Results of a European Organization for Research and Treatment of Cancer/Early Clinical Studies Group Phase II Trial of First-Line Irinotecan in Patients With Advanced or Recurrent Squamous Cell Carcinoma of the Cervix
To determine the efficacy and tolerability of irinotecan (CPT-11) in advanced or recurrent cervical carcinoma.
Eligible patients had histologically confirmed, inoperable, progressive, metastatic or recurrent squamous cell cervical carcinoma and had received no radiotherapy in the preceding 3 months and had never received chemotherapy. The initial irinotecan dosage of 350 mg/m(2) every 3 weeks was modifiable according to toxicity. Treatment continued for six cycles after complete response, or until disease progression or excessive toxicity after partial response, or for three additional cycles in the case of stable disease. Patients were stratified into group A (>/= one measurable lesion in a previously unirradiated area, with or without progressive disease in irradiated fields) or group B (measurable new lesion[s] in an irradiated field).
Fifty-one of 55 enrolled patients were eligible for inclusion (median age, 47 years; range, 30 to 71 years). The response rate was 15.7% (95% confidence interval [CI], 7.0% to 28.6%) overall, 23.5% (95% CI, 10.7% to 41.2%) for group A (complete response, 2.9%), and zero for group B. The median time to progression and median survival were 4.0 and 8.2 months for group A and 2.5 and 4.2 months for group B, respectively. The major grade 3/4 toxicities for groups A and B were diarrhea (24.3% and 55.5%, respectively) and neutropenia (24.3% and 33.3%, respectively). There were four toxicity-related deaths, three in group B. Patients with no prior external pelvic irradiation experienced fewer grade 3 and 4 adverse events.
Irinotecan is effective in treating cervical squamous cell carcinoma if disease is located in an unirradiated area. Because of toxicity, a reduced dose is advised for patients previously treated with external pelvic irradiation.
CME Journal of Gynecologic Oncology 01/2000; 5(3).
Available from: Jan B Vermorken
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ABSTRACT: 2 ABSTRACT A review is given of the standard approaches in the management of patients with newly diagnosed and recurrent cervical cancer. New directions in treatment are discussed. They focus on the following topics: the usefulness of short and dose intensive single-agent cisplatin regimens, the role of hyperthermia in combination with chemotherapy and/or radi- ation therapy, the availability of some interesting new cytoto- xic agents, recent outcomes of some combined modality stu- dies in high-risk patients, and the role of hemoglobin levels at the time of treatment. It is concluded that further improve- ment in radiotherapy techniques will be a major challenge. Chemoradiation is considered the new standard for high-risk patients, who in the past would have been treated with radia- tion therapy alone. The preferred chemotherapy regimen for that purpose is single-agent cisplatin given at a dose of 40 mg/m 2 /week. Attention should be given to the usefulness of hyperthermia in combination with radiation therapy, chemo- therapy or both. Moreover, further study is needed with agents with a stronger radio-enhancement potential, while maneuvers to maintein normal levels of tumor oxygenation should be an important component of therapy. Neoadjuvant chemotherapy followed by radiotherapy for the treatment of patients with locally advanced cervical cancer cannot be re- commended, but its use prior to surgery needs to be further explored. Uncertainty about the potential role of adjuvant chemotherapy remains. Quality of life issues should be high on the list of priorities when treating patients with recurrent disease.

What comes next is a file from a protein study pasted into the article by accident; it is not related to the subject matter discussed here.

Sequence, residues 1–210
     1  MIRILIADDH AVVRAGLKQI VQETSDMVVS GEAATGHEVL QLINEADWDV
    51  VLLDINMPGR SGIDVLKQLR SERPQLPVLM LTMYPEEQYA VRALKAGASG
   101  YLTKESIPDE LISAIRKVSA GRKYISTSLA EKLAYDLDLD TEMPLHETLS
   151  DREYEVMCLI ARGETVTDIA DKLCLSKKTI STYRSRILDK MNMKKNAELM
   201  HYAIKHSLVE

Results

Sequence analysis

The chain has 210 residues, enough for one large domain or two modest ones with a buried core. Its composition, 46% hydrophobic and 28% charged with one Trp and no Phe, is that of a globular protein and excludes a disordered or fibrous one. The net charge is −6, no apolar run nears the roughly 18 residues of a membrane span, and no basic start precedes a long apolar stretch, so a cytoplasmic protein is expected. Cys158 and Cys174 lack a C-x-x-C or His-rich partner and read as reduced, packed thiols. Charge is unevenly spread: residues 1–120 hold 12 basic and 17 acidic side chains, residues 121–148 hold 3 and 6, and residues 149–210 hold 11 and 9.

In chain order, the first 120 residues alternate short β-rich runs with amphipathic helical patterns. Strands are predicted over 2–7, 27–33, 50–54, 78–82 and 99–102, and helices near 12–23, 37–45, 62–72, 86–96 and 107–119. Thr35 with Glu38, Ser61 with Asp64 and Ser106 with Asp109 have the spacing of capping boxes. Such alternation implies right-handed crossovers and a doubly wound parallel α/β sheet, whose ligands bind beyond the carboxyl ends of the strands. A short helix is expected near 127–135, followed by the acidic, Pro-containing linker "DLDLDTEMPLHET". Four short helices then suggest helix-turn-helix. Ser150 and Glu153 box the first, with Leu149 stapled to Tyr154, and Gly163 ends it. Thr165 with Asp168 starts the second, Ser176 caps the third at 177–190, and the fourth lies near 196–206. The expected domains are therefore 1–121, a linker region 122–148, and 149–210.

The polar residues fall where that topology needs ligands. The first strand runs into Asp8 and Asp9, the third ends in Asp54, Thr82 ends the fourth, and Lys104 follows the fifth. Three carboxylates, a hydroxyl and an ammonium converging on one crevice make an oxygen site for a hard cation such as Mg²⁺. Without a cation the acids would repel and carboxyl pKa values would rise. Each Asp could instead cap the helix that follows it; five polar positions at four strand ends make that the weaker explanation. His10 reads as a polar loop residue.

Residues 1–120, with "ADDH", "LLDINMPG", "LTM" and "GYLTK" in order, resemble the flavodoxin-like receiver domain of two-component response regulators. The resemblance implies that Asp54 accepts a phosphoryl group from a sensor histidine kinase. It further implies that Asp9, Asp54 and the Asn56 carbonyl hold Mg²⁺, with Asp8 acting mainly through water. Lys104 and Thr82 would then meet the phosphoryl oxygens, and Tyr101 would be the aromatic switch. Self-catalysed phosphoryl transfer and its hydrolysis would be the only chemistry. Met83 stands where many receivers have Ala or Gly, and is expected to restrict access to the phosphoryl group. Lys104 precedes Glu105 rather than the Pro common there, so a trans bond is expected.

CME Journal of Gynecologic Oncology 01/2001; 6(1).
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ABSTRACT: The activity and toxicity of topotecan in women with recurrent cervical cancer are described from a case series of women with recurrent cervical cancer who had measurable disease and were not amenable to cure by surgery or radiation. All patients had prior platinum-based chemotherapy and developed progressive disease. Topotecan was given as 1 mg/m2/day over 30 min for 5 days every 3 weeks until progression of disease or prohibitive toxicity. Between July 1998 and July 1999, 12 patients received a total of 20 cycles of topotecan. Median age was 41 years (range 21-62), and 11 (92%) patients had prior whole pelvic radiation. The mean number of topotecan cycles was 1.5 (median 1, range 1-3). There were two partial responses (16.7%; 95% CI, 2% to 48%), both in prior radiation fields. Five patients required red blood cell transfusions, four had grade II nausea and vomiting, two developed sepsis (one with neutropenia), one developed fever, and one reported hyperpigmentation. There were no treatment-related mortalities. Although topotecan appears to exhibit modest activity in recurrent cervical cancer after radiation and platinum-based therapy, bone marrow toxicity may limit the utility of this regimen without hematopoietic growth factor support.
International Journal of Gynecological Cancer 08/2000; 10(4):285-288. DOI:10.1046/j.1525-1438.2000.010004285.x · 1.95 Impact Factor
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